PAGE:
lvcreate --size 8G vg0 --name swap
    lvcreate --size 100G vg0 --name root
    lvcreate -l +100%FREE vg0 --name home
    lvreduce --size -256M vg0/home
  9. Format logical volumes.

    mkswap /dev/vg0/swap
    mkfs.ext4 /dev/vg0/root
    mkfs.ext4 /dev/vg0/home
  10. Mount new filesystems.

    mount /dev/vg0/root /mnt
    mount --mkdir /dev/<your-disk-efi> /mnt/efi
    mount --mkdir /dev/<your-disk-boot> /mnt/boot
    mount --mkdir /dev/vg0/home /mnt/home
    swapon /dev/vg0/swap
  11. Install the base system. We also install some useful packages like git, vim, and sudo.

    pacstrap -K /mnt base linux linux-firmware openssh git vim sudo
  12. Generate /etc/fstab. This file can be used to define how disk partitions, various other block devices, or remote filesystems should be mounted into the filesystem.

    genfstab -U /mnt >> /mnt/etc/fstab
  13. Enter the new system.

    arch-chroot /mnt /bin/bash
  14. Set TimeZone.

    # See available timezones:
    ls /usr/share/zoneinfo/
    # Set timezone:
    ln -s /usr/share/zoneinfo/Asia/Tehran /etc/localtime
  15. Run hwclock(8) to generate /etc/adjtime.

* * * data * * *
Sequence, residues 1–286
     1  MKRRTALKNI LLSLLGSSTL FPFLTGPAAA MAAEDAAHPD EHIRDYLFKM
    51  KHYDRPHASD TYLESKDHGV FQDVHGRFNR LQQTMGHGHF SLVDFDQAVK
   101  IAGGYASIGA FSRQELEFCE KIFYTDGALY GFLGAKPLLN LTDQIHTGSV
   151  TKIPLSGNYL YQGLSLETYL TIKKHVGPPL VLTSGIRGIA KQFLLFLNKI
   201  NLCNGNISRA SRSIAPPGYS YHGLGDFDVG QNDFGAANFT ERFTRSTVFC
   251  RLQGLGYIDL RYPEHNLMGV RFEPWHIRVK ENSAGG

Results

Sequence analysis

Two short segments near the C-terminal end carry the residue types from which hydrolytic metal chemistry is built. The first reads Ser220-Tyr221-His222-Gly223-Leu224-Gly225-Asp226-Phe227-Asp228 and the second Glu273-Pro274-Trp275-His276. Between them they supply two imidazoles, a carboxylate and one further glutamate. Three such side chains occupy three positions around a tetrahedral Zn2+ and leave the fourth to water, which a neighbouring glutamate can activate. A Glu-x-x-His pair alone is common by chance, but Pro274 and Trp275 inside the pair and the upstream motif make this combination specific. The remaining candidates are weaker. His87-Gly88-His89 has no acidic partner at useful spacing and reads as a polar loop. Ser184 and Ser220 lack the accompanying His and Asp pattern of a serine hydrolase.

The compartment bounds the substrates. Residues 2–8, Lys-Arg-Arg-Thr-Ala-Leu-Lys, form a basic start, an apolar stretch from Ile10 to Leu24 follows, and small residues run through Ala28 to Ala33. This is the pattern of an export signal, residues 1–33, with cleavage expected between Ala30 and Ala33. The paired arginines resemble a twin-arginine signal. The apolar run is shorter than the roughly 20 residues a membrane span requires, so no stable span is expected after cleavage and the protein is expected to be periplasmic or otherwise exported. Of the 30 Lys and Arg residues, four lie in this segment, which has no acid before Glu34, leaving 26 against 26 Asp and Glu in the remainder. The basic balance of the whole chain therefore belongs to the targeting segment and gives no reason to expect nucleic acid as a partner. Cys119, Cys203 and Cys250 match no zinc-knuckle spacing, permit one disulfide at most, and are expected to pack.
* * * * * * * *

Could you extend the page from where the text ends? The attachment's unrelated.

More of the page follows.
hwclock --systohc
  16. Set Locale.

    vim /etc/locale.gen (uncomment en_US.UTF-8 UTF-8)
    echo LANG=en_US.UTF-8 > /etc/locale.conf
  17. Set hostname.

    echo yourhostname > /etc/hostname
  18. Create a user.

    useradd -m -G wheel --shell /bin/bash yourusername
    passwd yourusername
    # ---> Uncomment "%wheel ALL=(ALL) ALL"
  19. Configure mkinitcpio with modules needed to create the initramfs image.

    pacman -S lvm2
    vim /etc/mkinitcpio.conf
    # ---> Add 'encrypt' and 'lvm2' to HOOKS before 'filesystems'

    Recreate the initramfs image:

    mkinitcpio -P
  20. Setup GRUB.

    pacman -S grub efibootmgr
    grub-install --target=x86_64-efi --efi-directory=/efi --bootloader-id=GRUB

    In /etc/default/grub edit the line GRUB_CMDLINE_LINUX as follows. Don't forget to replace /dev/<your-disk-luks> with the appropriate path.

    GRUB_CMDLINE_LINUX="cryptdevice=/dev/<your-disk-luks>:cryptlvm root=/dev/vg0/root"

    If you have installed Windows and want to add Windows to the GRUB menu, edit /etc/grub.d/40_custom:

    exec tail -n +3 $0
    # This file provides an easy way to add custom menu entries.  Simply type the
    # menu entries you want to add after this comment.  Be careful not to change
    # the 'exec tail' line above.
    if [ "${grub_platform}" == "efi" ]; then
      menuentry "Windows 11" {
        insmod part_gpt
        insmod fat
        insmod search_fs_uuid
        insmod chain
        # After --set=root, add the Windows EFI partition's UUID.
        # (can be found with "blkid" command)
        search --fs-uuid --set=root $FS_UUID
        chainloader /EFI/Boot/bootx64.efi